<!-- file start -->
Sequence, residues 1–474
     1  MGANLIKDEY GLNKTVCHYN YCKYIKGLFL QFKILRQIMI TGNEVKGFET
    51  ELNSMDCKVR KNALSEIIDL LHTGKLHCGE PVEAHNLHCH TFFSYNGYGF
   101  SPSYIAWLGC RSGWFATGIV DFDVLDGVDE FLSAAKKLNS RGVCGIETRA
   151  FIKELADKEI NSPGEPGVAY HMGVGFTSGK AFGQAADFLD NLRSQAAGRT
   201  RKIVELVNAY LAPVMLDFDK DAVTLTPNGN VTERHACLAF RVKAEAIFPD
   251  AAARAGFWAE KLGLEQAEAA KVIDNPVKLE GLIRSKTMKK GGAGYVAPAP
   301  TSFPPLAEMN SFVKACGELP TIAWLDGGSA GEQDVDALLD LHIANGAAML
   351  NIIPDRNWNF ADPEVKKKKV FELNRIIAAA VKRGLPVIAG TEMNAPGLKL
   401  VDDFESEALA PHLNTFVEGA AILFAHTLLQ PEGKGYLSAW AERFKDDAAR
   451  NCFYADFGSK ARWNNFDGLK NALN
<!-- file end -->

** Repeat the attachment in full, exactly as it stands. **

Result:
Sequence, residues 1–474
     1  MGANLIKDEY GLNKTVCHYN YCKYIKGLFL QFKILRQIMI TGNEVKGFET
    51  ELNSMDCKVR KNALSEIIDL LHTGKLHCGE PVEAHNLHCH TFFSYNGYGF
   101  SPSYIAWLGC RSGWFATGIV DFDVLDGVDE FLSAAKKLNS RGVCGIETRA
   151  FIKELADKEI NSPGEPGVAY HMGVGFTSGK AFGQAADFLD NLRSQAAGRT
   201  RKIVELVNAY LAPVMLDFDK DAVTLTPNGN VTERHACLAF RVKAEAIFPD
   251  AAARAGFWAE KLGLEQAEAA KVIDNPVKLE GLIRSKTMKK GGAGYVAPAP
   301  TSFPPLAEMN SFVKACGELP TIAWLDGGSA GEQDVDALLD LHIANGAAML
   351  NIIPDRNWNF ADPEVKKKKV FELNRIIAAA VKRGLPVIAG TEMNAPGLKL
   401  VDDFESEALA PHLNTFVEGA AILFAHTLLQ PEGKGYLSAW AERFKDDAAR
   451  NCFYADFGSK ARWNNFDGLK NALN